A quiet love blooms in an arid desert amid poverty and neglect. In a small community on a Central Australian reservation, An incorrigible teenage boy sets his eye on a girl from a neighboring shack. The young woman lives with her grandmother, an elderly artist, with whom she makes Aboriginal paintings to earn a meager living. Samson attempts to woo Delilah by throwing a rock at her and tagging along on her errands. Undeterred by the cold shoulder, he tosses his mattress over her fence, cooks her a kangaroo for dinner, and still he’s rebuffed. Yet when Delilah is blamed for the passing of her grandmother and Samson starts a feud with his brother, boy whisks girl off in a stolen truck and their silent, pensive, turbulent romance begins. In his first feature film, director Warwick Thornton tells an intimate story of two complex characters who barely speak throughout, while offering a penetrating look at a people most of us know nothing about: young native Central Australians living in squalor, hungry, addicted to petrol fumes, yearning to connect.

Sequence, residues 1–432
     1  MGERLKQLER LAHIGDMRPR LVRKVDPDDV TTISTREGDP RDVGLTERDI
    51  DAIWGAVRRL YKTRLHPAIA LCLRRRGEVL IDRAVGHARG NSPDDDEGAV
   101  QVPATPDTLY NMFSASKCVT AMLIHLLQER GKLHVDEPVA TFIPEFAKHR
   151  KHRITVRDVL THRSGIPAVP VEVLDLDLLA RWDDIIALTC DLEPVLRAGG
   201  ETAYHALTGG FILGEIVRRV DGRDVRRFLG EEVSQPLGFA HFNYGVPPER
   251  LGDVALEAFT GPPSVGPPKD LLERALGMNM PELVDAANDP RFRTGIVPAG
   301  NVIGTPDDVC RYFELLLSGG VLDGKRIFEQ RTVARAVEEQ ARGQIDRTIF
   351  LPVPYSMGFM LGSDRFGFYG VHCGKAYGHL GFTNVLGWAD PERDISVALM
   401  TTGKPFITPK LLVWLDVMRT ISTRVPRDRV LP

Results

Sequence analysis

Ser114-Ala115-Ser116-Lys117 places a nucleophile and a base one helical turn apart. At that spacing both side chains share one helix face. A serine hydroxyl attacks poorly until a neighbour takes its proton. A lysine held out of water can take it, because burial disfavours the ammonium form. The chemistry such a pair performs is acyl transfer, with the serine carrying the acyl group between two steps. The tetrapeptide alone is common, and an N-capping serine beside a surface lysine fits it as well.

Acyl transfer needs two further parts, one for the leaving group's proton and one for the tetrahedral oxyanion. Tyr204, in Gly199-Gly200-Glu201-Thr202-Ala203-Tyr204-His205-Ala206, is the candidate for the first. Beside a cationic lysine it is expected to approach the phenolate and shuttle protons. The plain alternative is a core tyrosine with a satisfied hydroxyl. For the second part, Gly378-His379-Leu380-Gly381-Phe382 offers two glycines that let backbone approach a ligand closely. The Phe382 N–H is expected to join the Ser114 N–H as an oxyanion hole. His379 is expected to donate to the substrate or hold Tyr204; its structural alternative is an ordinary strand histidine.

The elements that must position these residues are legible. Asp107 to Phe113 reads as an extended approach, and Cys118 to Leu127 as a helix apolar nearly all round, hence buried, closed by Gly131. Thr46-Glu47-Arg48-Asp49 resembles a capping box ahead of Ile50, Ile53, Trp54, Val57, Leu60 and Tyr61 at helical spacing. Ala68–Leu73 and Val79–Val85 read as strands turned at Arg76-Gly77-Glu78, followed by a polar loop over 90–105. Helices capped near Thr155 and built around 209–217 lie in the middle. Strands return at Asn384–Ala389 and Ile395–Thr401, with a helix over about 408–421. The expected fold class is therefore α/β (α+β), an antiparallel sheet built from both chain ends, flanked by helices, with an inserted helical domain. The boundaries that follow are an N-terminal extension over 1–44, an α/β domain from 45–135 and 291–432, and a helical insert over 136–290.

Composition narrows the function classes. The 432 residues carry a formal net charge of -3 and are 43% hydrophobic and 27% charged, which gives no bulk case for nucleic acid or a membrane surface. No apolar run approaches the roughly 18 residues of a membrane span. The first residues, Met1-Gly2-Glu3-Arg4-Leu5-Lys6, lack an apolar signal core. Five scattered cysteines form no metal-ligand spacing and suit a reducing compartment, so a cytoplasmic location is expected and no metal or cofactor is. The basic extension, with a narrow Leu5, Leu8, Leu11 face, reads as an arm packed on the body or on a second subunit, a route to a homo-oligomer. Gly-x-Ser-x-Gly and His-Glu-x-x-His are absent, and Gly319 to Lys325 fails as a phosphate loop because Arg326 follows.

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Mary Jo Deschanel Returns to the Family Business

“It’s a whole new chapter in my life. I’ve never been known as a writer at all,” says veteran actress Mary Jo Deschanel on writing and launching “d th n vnc” (death in venice), her one woman show making its world premiere at the Santa Monica Bay Woman’s Club this October. “A lot of times when people hear ‘one woman show’ they assume you’re performing a personal monologue. This one’s not, per se, but I do think we all reveal who we are in what we choose to talk about.”

 

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To Be Married in “Venice” Andrea Goss Sets the Stage for Hope